SXSW: Day 2 Part I

March 17, 2009 — Leave a comment

A real quick observation before I get into my notes.  There were times when I was sitting in a panel wondering ‘what’s the point?’  Panels discussing who your friends are can feel to be a waste of time for me; I’m not sure they move anything forward or add any significant value. 

However, sometimes I  jump to conclusions quickly and write these discussions off without giving them much thought.  After I sleep on it I end up seeing a different side of the conversation, one that does add value.  All these discussions are important, however trivial they may first appear.  There are many different aspects of the ecosystem we play in and it’s important to explore them all.  There is something we can learn from all of the panels we attend, the challenge for us is to find what it is.  

There’s an element of laziness that plays a part in writing off a panel as ‘hit and miss’ or ‘too many academics.’  I’m guilty of both criticisms.  And while these criticisms may be true and there may be improvements to be made, there is definitely something to be learned.  Let’s find it.


Day 2 Part I

Panel:  Is Privacy Dead or Confused

Here’s SXSW’s description of the panel.

different people have different views of what privacy is.  it’s hard to universally define

  • In today’s connected world, how can you control your reach?  Can you control your reach?

Siva Vaidhyanathan focused on Google, as he’s writing a book: The Googlization of Everything

  • Two myths he’d like to dispell:
    1. Privacy is the oppositte of publicity (it’s not binary)
    2. Privacy is a substance that can be measured (he’s tired of hearing how people would give up their privacy for better functionality – gmail)
  • However, he went on to say that privacy is a form of currency.  it’s my understanding that currency can be measured and can be traded.  i believe he contradicted himself here, but this was a talk given early in the morning and the caffeine may not have kicked in yet.

it’s important to note that it was during this part of the panel that I wrote the following in my notebook: Many of these panelists are very happy with themselves and like to hear themselves talk

just thought you might need to know that…back to the notes…

  • Judith Donath took a much more historical approach to the subject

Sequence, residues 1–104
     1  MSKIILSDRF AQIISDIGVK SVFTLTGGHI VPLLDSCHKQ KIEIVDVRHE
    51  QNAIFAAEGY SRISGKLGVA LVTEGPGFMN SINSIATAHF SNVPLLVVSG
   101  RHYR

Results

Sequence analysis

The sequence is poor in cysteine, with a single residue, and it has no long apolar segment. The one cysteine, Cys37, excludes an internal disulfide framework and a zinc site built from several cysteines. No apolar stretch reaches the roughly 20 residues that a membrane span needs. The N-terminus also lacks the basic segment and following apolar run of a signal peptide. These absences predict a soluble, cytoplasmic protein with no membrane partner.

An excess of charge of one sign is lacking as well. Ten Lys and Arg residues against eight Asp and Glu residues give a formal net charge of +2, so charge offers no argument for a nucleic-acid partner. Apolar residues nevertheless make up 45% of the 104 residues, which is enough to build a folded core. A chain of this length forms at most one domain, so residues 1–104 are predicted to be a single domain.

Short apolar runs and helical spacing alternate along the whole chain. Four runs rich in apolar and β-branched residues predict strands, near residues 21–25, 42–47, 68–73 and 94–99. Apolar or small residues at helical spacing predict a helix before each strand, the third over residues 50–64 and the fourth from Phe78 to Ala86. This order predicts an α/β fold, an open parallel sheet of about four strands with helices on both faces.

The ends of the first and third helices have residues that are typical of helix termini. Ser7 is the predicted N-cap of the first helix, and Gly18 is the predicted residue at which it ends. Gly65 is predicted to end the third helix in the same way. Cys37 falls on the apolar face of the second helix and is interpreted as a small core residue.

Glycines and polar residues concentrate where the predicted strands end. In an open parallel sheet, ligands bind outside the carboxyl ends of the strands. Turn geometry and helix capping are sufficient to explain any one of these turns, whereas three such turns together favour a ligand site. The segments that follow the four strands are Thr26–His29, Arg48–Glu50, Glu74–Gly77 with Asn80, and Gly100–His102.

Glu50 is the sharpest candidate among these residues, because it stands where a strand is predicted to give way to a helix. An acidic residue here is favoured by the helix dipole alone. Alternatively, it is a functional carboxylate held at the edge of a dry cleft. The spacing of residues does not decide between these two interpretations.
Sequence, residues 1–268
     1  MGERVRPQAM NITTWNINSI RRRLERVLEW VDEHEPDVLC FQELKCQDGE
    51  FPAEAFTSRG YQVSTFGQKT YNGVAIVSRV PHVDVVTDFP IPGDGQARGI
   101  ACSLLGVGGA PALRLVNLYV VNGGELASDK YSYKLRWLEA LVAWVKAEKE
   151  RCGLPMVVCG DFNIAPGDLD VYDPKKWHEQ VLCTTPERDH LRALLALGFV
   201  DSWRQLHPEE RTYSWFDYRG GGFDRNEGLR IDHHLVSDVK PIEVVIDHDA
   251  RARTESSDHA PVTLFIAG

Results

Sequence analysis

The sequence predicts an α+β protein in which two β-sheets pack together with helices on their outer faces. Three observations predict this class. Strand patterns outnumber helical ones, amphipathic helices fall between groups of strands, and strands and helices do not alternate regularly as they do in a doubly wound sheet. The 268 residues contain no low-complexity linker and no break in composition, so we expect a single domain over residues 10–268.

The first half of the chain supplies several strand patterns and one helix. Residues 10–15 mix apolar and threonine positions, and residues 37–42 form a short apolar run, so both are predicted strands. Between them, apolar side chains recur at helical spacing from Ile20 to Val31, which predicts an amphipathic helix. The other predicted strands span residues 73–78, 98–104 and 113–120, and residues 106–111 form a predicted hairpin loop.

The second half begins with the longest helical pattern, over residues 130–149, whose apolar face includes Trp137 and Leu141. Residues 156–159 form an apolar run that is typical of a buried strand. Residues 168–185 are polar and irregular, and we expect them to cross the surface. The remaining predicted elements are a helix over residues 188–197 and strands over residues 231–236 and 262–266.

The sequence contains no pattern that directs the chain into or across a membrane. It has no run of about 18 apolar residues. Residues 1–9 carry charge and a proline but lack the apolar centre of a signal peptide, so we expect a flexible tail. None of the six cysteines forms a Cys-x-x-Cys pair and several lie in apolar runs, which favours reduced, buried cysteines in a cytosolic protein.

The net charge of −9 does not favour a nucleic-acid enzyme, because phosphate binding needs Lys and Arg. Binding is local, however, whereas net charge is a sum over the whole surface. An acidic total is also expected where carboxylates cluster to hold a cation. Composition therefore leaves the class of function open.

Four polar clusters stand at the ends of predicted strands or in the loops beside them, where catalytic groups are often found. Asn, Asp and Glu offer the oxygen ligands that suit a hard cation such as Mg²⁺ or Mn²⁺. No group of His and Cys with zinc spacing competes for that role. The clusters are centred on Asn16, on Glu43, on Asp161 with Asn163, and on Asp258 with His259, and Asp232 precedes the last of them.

• Our history online amounts to our body in the physical world
    • our self-portraits are made based on the interactions we’ve had online
    • It is importnat to understand how contextual history affects our view of privacy; how our views are shaped by historical events such as Watergate or the Cold War (my examples)
  • There are different privacy facets to different pieces of our lives.  eg, we’d tell our doctor things we’d never tell our friends, and vice versa
  • There are levels of surveillance that we invite:  hanging out on our front porch, walking our dog, sharing with our neighbor.  
    • we give them enough information to keep an eye on us, but not too much that they can use it against us.  We like this kind of privacy, it makes us feel safe



Panel: The Search for a More Social Web

So, the first 20 minutes of this panel started out informative but turned into a Facebook launch party.  

Here’s SXSW’s description of the panel.

Here’s an article that goes over, in excruciating detail, the blow-by-blow.  I tuned out when I realized all they were doing was humping FB Connect.  

My two main takeaways:

  • Our network is getting scoped and faceted – need to keep track of who’s who, and their relationship to us.
  • On the social web, the key isn’t talking, the key is listening


I will say, some of the games they announced seemed pretty cool, especiall SGN’s Agency Wars.  Another observation: people were cheering as if it were a rock concert.  It was exciting.



Opening Remarks:’s Tony Hsieh, CEO

Here’s SXSW’s description of the presentation.

OK – easily my favorite presentation of the weekend, and I’m sure I’m not alone here.  

Here are my main takeaways:

  • 75% of orders are from repeat customers – crazy
  • They take the $ they would normally spend on a marketing budget and focus it on customer service.  That’s their marketing.
  • #1 priority = culture
    • After the first week of your new-hire training they offer you $2k to LEAVE.  This is done in an attempt to weed out anyone who doesn’t really want the job.
  • They have a culture book where each employee writes a few paragraphs about what the culture means to them
  • Your culture will eventually catch up to the brand
  • Figure out your values – this needs to be your first step and will drive your organization.  It’s obvious that has has mastered this – they want to bring happiness to the world
  • The last part of the presentation focused on happiness.  I loved that Hsieh brought this up, as I’ve done some research on the subject and have been trying to spread the word around the office as well.
    • Remember this: the bottom line reason we do anything is because we think it will make us happy
    • Most of the research in this area concludes that what we think will make us happy is usually wrong. 
  • Here are two great resources if you’re interested in learning more about the science of happiness:


Here’s Tony’s presentation, but there’s an even better drawing/story below that sums it up.  The slides are great. Go through and learn how to get this culture thing right.  It’s kinda important.  


Zappos Keynote Visual Representation


Zappos Keynote Visual Representation

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